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Pick Your Fights

Philip De Courcy

Therefore, as the elect of God, holy and beloved, put on tender mercies, kindness, humility, meekness, longsuffering; bearing with one another, and forgiving one another, if anyone has a complaint against another; even as Christ forgave you, so you also must do. But above all these things put on love, which is the bond of perfection. (Colossians 3:12–14)

President Theodore Roosevelt used to have a pet dog that was always getting into fights and being beaten by other dogs. A reporter once asked the president about that. The reporter stated, ‘Your dog is not much of a fighter, is he, Mr President?’ Roosevelt replied, ‘That is not true. He is a wonderful fighter! He is just a poor judge of dogs.’

If there is a lesson to be learned from this story, it is the necessity of learning to pick your fights, to become a better judge of the things we want to fuss and fight over. Life provides us ample opportunity to be off ended and many reasons to come out of our corner fighting. But wisdom would remind us that some things and some people are better left alone. Not every issue in life needs to become a Supreme Court or Grand Jury
case. Not every fight is worthy or worth it. As the old saying goes, ‘Anybody can whip a skunk; it is just not worth it.’ We must fight the temptation to go through life in the objective case, picking the wrong fights, and getting heated over the wrong issues. The
fact is that some things are a matter of forbearance, and some a matter of forgiveness.

That is a life lesson that Paul teaches us in his letter to the Colossians (Col. 3:12–14). It is clear from this text that not all offenses require forgiveness. Paul says: ‘Bearing with one another, and forgiving one another, if anyone has a complaint against another; even as Christ forgave you, so you must also do’ (Col. 3:13). Some things are a forbearance issue – things like personality diff erences, irritating mannerisms, immature blunders, and poor but well–intended decisions. Other things are forgiveness issues. The word ‘complaint’ employed by Paul carries the idea of something worthy of blame – something morally objectionable, something that violates some universal sense of justice, something bad enough to require forgiveness!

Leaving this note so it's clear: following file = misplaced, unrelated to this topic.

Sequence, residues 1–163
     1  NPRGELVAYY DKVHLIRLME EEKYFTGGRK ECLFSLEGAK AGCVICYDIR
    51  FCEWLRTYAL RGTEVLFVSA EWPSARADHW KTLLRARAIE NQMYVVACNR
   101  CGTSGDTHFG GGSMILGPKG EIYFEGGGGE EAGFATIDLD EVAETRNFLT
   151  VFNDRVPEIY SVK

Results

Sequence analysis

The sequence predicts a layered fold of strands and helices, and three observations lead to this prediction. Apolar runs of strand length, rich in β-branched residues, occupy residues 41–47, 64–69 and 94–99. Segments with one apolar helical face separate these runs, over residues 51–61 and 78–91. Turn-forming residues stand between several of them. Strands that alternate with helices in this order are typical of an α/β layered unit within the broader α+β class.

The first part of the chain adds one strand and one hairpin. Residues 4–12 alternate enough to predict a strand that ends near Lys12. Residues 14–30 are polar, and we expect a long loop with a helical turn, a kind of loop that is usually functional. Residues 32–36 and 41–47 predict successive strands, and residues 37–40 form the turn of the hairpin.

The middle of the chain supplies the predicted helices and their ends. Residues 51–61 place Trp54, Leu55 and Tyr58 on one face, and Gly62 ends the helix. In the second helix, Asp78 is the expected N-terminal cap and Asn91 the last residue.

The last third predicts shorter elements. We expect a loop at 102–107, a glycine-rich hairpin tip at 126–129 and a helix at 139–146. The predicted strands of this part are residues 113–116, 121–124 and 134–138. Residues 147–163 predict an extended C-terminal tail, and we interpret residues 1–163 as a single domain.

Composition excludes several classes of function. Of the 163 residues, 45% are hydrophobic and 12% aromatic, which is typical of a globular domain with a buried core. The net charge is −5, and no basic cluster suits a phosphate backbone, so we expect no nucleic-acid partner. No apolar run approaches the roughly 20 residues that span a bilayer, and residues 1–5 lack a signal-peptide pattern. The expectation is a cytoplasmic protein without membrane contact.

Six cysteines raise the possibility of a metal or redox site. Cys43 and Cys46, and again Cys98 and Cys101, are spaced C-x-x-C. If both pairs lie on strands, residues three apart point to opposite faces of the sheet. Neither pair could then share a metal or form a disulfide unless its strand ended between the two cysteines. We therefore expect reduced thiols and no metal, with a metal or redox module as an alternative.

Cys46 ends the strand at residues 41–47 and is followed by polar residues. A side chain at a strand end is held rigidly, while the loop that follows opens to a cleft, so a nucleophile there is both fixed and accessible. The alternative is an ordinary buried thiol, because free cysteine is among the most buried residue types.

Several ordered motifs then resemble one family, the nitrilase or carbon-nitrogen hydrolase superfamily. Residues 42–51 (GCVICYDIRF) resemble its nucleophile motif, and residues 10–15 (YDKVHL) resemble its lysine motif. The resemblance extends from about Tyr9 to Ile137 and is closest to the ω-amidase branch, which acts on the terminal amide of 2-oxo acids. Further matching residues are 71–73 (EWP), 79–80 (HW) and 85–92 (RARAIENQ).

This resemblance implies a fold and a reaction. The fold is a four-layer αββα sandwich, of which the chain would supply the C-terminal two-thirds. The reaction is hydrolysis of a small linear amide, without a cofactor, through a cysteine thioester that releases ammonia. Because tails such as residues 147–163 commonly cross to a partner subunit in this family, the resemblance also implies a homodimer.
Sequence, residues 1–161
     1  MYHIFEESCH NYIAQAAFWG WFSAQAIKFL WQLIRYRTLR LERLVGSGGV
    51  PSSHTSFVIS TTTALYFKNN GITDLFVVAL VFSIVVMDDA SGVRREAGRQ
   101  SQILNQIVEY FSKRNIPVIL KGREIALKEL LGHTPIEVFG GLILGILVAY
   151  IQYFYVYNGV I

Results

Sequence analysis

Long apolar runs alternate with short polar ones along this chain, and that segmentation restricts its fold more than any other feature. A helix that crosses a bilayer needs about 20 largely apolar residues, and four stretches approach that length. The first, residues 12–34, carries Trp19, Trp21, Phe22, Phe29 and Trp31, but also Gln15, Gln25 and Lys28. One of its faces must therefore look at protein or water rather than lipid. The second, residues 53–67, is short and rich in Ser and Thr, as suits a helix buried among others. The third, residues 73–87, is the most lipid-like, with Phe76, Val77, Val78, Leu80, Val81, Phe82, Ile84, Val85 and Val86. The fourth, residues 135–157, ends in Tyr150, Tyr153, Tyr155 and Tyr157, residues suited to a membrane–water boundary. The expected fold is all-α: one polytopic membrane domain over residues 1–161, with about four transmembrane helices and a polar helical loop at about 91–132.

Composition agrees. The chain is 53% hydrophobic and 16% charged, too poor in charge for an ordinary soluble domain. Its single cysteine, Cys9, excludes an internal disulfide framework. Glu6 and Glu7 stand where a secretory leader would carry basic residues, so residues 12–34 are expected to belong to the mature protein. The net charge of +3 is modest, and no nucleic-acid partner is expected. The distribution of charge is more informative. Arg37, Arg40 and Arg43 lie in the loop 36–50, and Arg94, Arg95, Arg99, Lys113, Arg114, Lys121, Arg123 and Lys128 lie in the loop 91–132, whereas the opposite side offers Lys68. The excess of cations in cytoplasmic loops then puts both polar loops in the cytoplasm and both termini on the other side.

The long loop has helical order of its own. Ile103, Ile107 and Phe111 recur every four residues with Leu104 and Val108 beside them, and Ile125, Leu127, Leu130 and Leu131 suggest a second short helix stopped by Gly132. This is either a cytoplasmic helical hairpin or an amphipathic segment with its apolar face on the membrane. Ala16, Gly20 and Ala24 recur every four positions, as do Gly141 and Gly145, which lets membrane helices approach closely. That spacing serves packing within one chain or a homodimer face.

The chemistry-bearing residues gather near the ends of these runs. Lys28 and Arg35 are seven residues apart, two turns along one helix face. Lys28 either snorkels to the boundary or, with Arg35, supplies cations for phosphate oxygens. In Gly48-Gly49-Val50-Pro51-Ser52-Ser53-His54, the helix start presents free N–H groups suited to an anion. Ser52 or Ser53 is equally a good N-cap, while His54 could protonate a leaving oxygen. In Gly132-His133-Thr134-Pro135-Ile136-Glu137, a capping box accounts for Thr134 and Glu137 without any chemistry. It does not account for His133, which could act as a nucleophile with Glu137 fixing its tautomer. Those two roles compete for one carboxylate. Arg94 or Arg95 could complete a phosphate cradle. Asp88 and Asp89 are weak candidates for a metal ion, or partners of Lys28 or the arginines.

Some things are a matter of forbearance, not forgiveness. Some things and people are better lived with, than confronted. We must not go through life majoring on the minors. Our Lord warned us about the danger of getting things out of proportion by staring at gnats, while at the same time swallowing camels (Matt. 23:23–4). We need to learn to judicially hold our fire and pick our fights. We need to reserve forgiveness for those things that truly matter. The use and application of forgiveness is not unlike the use of an antibiotic. We don’t use antibiotics to cure the common cold or deal with every germ that comes our way. Overuse would be to misuse. It is the same with forgiveness. Most of the germs that infect our relationships don’t need anything as strong as forgiveness. They simply need to be overlooked and ignored (Prov. 19:11). Life is too short to have a very long list of things that are going to truly upset you.

 God, I praise Your patience with me. I depend on You to help me forbear the petty problems. In Jesus’ name, amen.


Emergency Rations
Emergency Rations


This extract comes from Emergency Rations: Surviving the Struggles of Life by Philip De Courcy.

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